Summary:

Twitter is putting Microsoft’s Bing translation tech to the test in recent experiments. More Bing-powered applications could be on the horizon following Microsoft’s platform announcements last week.

Microsoft’s Bing search engine may trail Google’s — Microsoft has 17 percent core search marketshare compared to Google’s 66 percent — but the Redmond, Wash.-based giant might as well make the most of what it’s got. Last week Microsoft executives announced Bing-as-a-platform initiative, and already the approach has caught some interest from Twitter.

The microblogging site is experimenting with the use of Bing’s translation capabilities in serving up translated tweets along with the short messages in their original languages, AllThingsD reported Monday.

The experiment wasn’t exposed to me during a search for all tweets on Oracle and Salesforce.com, although that might be a matter of the feature being rolled out to a small percentage of Twitter users at the moment. During the search, tweets about the companies’ unlikely partnerships from last week surfaced in French, German, Japanese and Spanish.

I wondered what those tweets said, and what better way to find out than plug it into Google Translate the Bing Translator? Working in translation to the current Twitter timeline saves users the hassle of going offsite, if even for a few seconds.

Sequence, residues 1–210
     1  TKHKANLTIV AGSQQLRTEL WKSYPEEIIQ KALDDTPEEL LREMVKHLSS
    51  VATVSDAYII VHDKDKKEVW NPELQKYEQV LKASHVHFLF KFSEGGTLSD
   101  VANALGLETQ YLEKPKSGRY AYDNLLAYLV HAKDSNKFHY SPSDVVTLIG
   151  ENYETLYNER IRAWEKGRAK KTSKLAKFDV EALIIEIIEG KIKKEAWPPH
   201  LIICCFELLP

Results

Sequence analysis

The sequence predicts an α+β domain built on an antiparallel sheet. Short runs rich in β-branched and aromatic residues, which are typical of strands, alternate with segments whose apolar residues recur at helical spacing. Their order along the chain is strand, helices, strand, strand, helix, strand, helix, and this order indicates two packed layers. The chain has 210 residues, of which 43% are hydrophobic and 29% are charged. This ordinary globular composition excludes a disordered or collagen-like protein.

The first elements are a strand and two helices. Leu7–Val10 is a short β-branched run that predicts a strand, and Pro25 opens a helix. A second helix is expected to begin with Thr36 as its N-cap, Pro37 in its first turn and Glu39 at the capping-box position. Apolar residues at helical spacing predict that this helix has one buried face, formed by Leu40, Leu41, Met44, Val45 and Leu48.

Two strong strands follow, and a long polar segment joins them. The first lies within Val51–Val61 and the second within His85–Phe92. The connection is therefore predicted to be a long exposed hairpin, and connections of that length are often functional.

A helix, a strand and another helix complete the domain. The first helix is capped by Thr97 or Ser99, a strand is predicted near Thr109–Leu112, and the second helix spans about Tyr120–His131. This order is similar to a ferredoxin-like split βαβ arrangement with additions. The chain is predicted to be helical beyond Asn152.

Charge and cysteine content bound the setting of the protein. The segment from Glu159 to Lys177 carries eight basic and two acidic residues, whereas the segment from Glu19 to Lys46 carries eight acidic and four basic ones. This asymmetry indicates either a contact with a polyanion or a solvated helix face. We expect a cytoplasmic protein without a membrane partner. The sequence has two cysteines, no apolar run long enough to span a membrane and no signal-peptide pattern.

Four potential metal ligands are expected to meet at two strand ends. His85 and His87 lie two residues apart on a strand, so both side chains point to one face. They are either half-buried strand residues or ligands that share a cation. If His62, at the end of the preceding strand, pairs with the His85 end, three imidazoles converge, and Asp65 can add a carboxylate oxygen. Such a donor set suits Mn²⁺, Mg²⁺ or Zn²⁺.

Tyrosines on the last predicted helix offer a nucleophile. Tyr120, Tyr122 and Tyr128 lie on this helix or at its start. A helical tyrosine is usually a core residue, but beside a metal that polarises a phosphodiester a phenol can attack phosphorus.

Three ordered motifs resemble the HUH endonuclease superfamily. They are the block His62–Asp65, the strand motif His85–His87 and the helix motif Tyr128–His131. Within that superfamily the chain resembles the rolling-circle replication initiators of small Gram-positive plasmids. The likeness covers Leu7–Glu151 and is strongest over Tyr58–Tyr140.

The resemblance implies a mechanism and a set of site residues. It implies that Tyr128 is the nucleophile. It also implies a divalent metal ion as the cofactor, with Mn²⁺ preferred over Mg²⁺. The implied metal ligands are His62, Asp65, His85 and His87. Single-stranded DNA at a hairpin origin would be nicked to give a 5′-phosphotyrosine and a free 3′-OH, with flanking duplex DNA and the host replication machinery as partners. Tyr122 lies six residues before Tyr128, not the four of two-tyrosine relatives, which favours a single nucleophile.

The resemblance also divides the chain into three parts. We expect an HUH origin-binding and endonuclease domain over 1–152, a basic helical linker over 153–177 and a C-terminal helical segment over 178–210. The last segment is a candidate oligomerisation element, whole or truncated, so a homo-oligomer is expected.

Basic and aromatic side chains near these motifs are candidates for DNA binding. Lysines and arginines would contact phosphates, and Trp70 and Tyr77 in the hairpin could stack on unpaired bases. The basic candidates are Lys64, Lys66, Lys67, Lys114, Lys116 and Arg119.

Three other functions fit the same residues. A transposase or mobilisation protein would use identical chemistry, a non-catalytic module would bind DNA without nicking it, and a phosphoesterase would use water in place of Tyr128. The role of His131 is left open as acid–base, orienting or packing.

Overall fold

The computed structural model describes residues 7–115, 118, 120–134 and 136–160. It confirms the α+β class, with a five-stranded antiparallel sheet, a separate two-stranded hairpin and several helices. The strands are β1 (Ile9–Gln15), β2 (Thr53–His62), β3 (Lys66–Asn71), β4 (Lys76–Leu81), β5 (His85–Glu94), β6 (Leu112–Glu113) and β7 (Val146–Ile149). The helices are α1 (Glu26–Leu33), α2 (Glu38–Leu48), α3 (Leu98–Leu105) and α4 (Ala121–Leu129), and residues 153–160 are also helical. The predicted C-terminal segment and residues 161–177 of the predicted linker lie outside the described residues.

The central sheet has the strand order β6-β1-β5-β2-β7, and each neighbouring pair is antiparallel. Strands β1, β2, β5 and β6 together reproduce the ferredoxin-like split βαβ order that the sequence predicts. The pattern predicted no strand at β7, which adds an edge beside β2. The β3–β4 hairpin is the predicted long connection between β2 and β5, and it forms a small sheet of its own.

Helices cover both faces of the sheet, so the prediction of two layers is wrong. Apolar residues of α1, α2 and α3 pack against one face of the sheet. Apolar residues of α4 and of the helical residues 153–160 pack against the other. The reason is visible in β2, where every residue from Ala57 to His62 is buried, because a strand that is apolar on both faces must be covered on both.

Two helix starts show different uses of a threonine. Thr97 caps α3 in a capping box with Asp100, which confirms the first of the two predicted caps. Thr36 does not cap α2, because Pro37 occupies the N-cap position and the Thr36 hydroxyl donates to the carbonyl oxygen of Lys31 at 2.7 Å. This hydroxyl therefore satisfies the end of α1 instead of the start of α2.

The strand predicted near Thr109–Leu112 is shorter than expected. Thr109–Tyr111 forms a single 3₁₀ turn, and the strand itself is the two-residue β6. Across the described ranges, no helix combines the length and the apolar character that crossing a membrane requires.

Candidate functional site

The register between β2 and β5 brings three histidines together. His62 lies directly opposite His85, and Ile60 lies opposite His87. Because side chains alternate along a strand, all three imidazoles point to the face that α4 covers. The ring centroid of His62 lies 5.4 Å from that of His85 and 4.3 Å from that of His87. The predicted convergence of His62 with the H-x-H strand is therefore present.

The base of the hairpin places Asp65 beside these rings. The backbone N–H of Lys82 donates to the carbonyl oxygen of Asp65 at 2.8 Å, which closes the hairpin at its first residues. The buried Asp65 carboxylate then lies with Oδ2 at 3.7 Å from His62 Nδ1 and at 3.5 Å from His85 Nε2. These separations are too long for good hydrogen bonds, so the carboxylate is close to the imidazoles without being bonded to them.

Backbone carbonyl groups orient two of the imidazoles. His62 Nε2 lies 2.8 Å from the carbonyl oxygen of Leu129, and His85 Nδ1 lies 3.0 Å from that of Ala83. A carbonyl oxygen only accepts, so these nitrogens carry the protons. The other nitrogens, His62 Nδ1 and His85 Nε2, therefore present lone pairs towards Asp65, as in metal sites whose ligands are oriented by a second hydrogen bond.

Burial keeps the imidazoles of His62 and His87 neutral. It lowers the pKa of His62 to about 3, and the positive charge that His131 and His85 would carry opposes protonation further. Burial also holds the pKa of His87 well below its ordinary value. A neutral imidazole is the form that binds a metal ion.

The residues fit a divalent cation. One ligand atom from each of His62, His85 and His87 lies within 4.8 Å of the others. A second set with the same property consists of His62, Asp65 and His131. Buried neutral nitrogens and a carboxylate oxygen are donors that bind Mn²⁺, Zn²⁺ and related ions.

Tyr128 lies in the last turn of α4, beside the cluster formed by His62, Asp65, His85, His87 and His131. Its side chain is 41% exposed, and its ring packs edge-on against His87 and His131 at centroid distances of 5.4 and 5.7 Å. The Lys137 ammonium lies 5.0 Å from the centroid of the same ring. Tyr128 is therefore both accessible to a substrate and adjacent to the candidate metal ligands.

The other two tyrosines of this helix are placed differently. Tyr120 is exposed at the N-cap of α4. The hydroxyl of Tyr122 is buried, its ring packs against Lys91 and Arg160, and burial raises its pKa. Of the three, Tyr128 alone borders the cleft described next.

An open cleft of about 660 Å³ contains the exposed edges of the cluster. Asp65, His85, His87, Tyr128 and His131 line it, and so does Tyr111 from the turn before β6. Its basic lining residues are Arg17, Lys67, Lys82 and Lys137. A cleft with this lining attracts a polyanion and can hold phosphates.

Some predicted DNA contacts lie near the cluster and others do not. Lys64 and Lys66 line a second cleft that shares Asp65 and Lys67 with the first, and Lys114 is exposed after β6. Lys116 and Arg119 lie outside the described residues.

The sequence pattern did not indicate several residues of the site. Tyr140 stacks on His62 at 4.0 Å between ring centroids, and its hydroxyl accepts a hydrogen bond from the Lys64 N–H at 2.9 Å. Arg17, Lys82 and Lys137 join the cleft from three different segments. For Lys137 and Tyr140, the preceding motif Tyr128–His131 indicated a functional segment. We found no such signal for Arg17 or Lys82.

If developers think this sort of tweak could please their customers, Bing could become a lot more visible as a web-service enhancer in the near future. In addition to the translation tool, Microsoft has announced APIs for converting text to speech, providing synonyms and delivering search results. Plus, an entity API for letting developers easily incorporate information on people, places and things is on the way. The trouble is, Google is no slouch when it comes to exposing maps, search and other services for external use. It’s hard to imagine that the company would let Microsoft get away with winning developers’ hearts without teasing some new services making use of Google’s search capabilities.

Feature image courtesy of Shutterstock user pistolseven.

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